Clay T. "Tom" Whitehead, 69, who helped the cable industry flourish by bringing competition to the domestic satellite market in the early 1970s, died July 23 at Georgetown University Hospital. He had prostate cancer.
During the Nixon administration, Mr. Whitehead became the country’s first telecommunications policy adviser and championed free markets in the satellite business. He later revolutionized the way communications satellites were sold — outright to cable providers instead of leasing them to those companies.
Starting in the mid-1980s, he challenged Europe’s state-owned television systems by spearheading the first private Pan-European television satellite system, Luxembourg-based SES Astra. It became one of the continent’s most popular and profitable private satellite systems.
Dr. Whitehead had degrees in engineering and management but little knowledge of communications when in 1970 he was appointed the first director of the old White House Office of Telecommunications Policy. Considered bright and able, he said his chief concern was trying to get the federal government to become "more anticipatory" in addressing rapid technological changes.
During his four years overseeing the office, he sough to demolish the monopoly model that had given tremendous power to large international corporations such as Comsat and Intelsat. He set in motion policies that allowed domestic satellite competitors to succeed, and far more cheaply.
His work had an enormous impact on the cable industry, which because of his efforts could get its own programming channels via satellites to a national audience. Before, that reach was impossible unless a cable channel wanted to lease land lines from the monopoly provider AT&T.
HBO, the Turner cable networks and C-Span were among the key beneficiaries of Dr. Whitehead’s decisions.
Henry Geller, a Washington telecommunications lawyer and Federal Communications Commission general counsel, said Dr. Whitehead "changed the entire landscape of television in the United States and throughout the world" by advocating an "open skies" policy toward domestic satellites.
Geller said Dr. Whitehead "stopped the FCC cold, which was still promoting Comsat as a domestic monopoly. Satellite service became more competitive, allowing such companies as RCA and Hughes to achieve greater innovations more cheaply."
Dr. Whitehead was credited with formulating policies that gave more autonomy to local stations in the public broadcasting system, which was seen by some PBS executives as an attack on the service in large part because of Dr. Whitehead’s early reputation for antagonizing the press.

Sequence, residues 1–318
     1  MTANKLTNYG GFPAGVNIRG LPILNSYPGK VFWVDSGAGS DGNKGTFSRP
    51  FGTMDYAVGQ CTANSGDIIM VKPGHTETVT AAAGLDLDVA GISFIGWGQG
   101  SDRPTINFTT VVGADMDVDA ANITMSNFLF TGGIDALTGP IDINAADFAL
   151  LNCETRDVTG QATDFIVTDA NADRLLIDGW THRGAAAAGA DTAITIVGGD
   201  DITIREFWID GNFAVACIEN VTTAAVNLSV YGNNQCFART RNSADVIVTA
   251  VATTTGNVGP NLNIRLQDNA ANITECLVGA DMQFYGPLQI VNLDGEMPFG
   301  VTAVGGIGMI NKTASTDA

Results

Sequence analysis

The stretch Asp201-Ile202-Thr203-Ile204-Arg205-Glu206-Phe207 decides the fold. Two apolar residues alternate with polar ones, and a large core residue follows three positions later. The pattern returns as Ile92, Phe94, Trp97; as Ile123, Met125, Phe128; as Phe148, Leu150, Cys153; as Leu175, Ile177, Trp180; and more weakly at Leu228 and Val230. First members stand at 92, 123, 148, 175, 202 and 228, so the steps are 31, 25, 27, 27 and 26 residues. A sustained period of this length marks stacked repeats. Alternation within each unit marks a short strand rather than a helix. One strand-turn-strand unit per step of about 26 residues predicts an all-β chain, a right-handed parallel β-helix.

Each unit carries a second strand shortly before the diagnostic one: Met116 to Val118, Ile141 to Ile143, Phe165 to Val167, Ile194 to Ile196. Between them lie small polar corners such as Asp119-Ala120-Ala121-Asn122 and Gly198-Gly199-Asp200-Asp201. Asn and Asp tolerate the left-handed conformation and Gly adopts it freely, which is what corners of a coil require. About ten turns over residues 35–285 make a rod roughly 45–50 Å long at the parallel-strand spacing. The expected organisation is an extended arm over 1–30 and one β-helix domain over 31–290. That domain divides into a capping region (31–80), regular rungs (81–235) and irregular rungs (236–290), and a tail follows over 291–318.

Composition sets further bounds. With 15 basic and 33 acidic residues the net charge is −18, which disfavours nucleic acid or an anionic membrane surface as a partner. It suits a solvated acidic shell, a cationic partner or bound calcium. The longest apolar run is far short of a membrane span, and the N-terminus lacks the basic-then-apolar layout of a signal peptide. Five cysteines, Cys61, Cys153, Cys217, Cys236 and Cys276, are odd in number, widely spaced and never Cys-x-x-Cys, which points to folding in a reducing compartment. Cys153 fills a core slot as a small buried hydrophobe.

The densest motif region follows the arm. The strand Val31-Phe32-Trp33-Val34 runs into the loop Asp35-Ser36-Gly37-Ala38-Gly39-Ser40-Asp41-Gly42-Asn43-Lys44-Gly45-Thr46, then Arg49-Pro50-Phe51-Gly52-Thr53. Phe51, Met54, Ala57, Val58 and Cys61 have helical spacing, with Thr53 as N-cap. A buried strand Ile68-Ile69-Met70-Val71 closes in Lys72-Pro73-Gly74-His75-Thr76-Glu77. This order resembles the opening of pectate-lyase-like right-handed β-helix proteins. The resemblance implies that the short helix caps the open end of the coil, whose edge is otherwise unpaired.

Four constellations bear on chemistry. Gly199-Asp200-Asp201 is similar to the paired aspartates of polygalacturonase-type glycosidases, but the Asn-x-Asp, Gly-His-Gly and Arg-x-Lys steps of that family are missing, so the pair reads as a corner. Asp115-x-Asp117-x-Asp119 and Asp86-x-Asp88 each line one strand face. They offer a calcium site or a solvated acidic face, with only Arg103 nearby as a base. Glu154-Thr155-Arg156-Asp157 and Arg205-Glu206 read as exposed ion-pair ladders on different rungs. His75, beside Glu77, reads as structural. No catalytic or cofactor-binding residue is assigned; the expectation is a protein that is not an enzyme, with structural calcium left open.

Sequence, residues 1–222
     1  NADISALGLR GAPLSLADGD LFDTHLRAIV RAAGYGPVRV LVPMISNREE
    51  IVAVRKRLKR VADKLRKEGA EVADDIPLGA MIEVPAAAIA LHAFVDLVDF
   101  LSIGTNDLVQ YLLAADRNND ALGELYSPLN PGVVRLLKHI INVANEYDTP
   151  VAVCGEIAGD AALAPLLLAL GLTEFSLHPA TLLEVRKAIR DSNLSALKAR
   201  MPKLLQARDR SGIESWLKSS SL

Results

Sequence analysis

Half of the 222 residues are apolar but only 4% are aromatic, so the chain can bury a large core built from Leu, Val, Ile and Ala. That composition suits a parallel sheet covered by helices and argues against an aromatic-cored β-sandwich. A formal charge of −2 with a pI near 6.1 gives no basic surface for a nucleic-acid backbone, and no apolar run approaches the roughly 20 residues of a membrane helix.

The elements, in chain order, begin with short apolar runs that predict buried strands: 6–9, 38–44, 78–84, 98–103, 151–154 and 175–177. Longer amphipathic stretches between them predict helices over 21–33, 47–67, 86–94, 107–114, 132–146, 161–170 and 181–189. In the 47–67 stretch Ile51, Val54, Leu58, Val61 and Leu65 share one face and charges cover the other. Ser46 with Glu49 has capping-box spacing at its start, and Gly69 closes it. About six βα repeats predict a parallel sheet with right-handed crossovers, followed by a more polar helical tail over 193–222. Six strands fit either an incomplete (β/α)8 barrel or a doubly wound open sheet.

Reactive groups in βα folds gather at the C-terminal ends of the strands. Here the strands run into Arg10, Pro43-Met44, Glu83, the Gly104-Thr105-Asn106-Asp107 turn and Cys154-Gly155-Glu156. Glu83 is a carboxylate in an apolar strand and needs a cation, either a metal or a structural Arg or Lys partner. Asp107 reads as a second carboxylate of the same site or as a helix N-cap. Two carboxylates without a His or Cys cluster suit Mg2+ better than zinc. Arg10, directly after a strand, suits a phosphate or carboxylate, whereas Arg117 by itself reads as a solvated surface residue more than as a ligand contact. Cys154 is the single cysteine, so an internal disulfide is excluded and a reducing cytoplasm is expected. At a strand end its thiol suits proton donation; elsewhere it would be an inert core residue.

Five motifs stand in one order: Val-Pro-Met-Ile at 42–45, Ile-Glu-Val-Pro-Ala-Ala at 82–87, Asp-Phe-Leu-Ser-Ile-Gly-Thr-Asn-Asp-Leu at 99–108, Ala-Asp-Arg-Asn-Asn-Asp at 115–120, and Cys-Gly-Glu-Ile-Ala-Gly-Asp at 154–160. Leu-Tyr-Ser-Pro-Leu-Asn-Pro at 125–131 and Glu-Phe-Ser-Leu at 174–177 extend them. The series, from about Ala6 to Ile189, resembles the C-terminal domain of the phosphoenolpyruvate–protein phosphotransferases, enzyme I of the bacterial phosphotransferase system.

He called network television news a haven for "ideological plugola" and "elitist gossip." His criticisms extended to the public broadcasting system, which he called a "fourth network" for alleged liberal biases.
He apologized before a Senate committee, saying his own comments "did not serve a very useful purpose."
Clay Thomas Whitehead, was born Nov. 13, 1938, in Neodesha, Kan., and raised in Columbus, Kan.
An early interest in astronomy led him to the Massachusetts Institute of Technology, where he received a bachelor’s degree in electrical engineering in 1960 and doctorate in management in 1967.
He was a Rand Corp. economist before joining the Nixon team in 1968 as an expert on budget policies. He also helped create the Office Telecommunications Policy, which was folded into the Commerce Department’s National Telecommunications and Information Administration during the Carter administration.
In 1979, Dr. Whitehead became the founding president of Los Angeles-based Hughes Communications, a satellite-manufacturing subsidiary of Hughes Aircraft Co. His greatest achievement was the Galaxy program of commercial communications satellites, which addressed the needs of a rapidly growing cable television market.
He likened the Galaxy program to a mall with an "anchor tenant," such as HBO. Each subsequent company would buy a piece of the satellite. This approach made enormous profits for Hughes, reportedly $200 million for the 24 transponders on the Galaxy I that launched in 1983.
"I suppose the thing I like to do most is set things up and make them run," Dr. Whitehead had once told the New York Times. He left Hughes in 1983 because he said he tired of working for a big company.
He spent the next two years laying the financial, technical and political groundwork for a $180 million enterprise that became SES Astra.
Some European politicians criticized the proposed system as "Coca-Cola satellite" and dismissed it as cultural imperialism, all to protect their government-run television channels.
"I think we’re seeing wounded national pride," Dr. Whitehead told Forbes magazine in 1985. "There would be more European programming if a large commercial marketplace already existed there."
SES Astra, in which Luxembourg is a major stakeholder, grew tremendously. Its programming is beamed into more than 65 million homes, and its worth was estimated to be more than $1 billion.
A contractual dispute led Dr. Whitehead to sue SES Astra and the Luxembourg government for $600 million. He was consumed by the lawsuit for a decade, until prevailing in 2003. The final agreement was confidential.